Jeanne Eagels - July 7, 2014

Images of movie stars are everywhere throughout the American Treasure Tour, and they span the entire history of film.  Today, we are going to spend a little time with an all-but forgotten early star from the dawn of talking pictures, Jeanne Eagels.

When she died in 1929, Jeanne Eagels (her birth name was Eugenia Eagles) she had just performed in her greatest roll, as Leslie Crosbie in the film The Letter. The stage and screen star made less than ten films during a career that lasted fifteen years and she was the first actor ever nominated for a posthumous Academy Award.  She can also be considered an early tragic figure from Hollywood.  Only thirty-nine years old, Eagels likely died because of complications from either alcohol, tranquilizers, or heroin. 

QUESTION:  Jeanne Eagels did not posthumously win the 1929 Academy Award for Best Actress.  Who won the Oscar that year?

a)  Ruth Chatterton in Madame X

b)  Betty Compson in The Barker

c)  Corinne Griffith in The Divine Lady

d)  Mary Pickford in Coquette

Answer Below


The famous Ziegfield Follies had its New York City debut today in 1907.  It occurred on the roof of the New York Theater, and included choreographed performances to the most popular music of the day.  They were produced until 1931, and starred future stars including Fanny Brice, W.C. Fields, Eddie Cantor, Will Rogers, and...Jeanne Eagels!

One of the greatest legacies of President Ronald Reagan's administration happened on this day in 1981, when he fulfilled a campaign promise to appoint the first female justice to the highest court in the land.  Sandra Day O'Connor, a prominent Arizona politician who graduated from Stanford University in 1952, where she had briefly dated future Chief Justice William Rehnquist.  O'Connor remained on the court for 24 years, before she retired to care for her ailing husband.  She was replaced by Samuel Alito.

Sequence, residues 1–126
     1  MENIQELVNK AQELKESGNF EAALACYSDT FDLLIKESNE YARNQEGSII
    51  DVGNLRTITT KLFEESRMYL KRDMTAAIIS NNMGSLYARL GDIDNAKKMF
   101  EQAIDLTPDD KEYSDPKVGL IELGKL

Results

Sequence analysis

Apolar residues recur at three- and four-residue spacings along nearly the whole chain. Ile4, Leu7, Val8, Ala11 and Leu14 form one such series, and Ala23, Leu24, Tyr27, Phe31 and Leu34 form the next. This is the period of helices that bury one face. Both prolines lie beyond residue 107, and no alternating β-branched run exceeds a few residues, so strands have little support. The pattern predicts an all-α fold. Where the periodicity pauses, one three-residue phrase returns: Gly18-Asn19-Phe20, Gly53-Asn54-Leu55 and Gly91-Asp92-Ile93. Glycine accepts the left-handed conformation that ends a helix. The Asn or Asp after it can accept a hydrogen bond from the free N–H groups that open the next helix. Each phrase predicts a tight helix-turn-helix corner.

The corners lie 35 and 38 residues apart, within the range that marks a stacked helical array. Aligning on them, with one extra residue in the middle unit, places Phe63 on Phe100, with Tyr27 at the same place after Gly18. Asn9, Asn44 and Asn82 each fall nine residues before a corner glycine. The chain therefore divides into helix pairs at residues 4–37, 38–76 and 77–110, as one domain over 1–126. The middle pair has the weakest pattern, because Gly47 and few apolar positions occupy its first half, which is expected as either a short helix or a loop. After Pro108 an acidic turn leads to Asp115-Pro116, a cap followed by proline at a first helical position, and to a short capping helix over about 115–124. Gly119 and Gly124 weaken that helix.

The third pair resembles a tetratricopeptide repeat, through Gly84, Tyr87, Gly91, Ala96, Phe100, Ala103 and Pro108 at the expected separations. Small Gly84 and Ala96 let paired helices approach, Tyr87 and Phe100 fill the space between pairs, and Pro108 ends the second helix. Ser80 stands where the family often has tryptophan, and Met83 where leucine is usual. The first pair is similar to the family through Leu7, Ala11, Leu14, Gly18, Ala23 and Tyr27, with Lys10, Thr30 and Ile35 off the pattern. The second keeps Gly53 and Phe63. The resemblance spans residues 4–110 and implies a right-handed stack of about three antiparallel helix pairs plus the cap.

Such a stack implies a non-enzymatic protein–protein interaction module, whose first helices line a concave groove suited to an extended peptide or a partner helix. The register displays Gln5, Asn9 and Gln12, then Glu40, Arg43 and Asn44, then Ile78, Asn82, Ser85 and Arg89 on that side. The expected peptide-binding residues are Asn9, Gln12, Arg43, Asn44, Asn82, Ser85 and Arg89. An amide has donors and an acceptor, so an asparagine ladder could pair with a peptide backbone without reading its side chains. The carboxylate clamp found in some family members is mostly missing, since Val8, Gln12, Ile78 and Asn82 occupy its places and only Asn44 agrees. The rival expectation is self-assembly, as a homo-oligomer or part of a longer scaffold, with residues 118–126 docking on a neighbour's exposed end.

Born today in 1899 New York City, George Cukor would grow up to become the director of some of America's favorite movies, including Gone With the Wind (1939), although he was admittedly fired from that project, The Philadelphia Story (1940), Gaslight (1944), and My Fair Lady (1964).  He directed over sixty films from 1930 until 1981, only two years before his death.

Turning 65 today, the Houston, Texas-born actress Shelley Duvall has had an eclectic career.  Performing in numerous Robert Altman films, most memorably his Three Women (1977) and Popeye three years later, the distinctive-looking thespian also has major rolls in Stanley Kubrick's The Shining and Guy Maddin's Twilight of the Ice Nymphs.

QUOTE:  You can't have any successes unless you accept failure. - George Cukor 

ANSWER:  d)  Mary Pickford, for her roll in the movie Coquette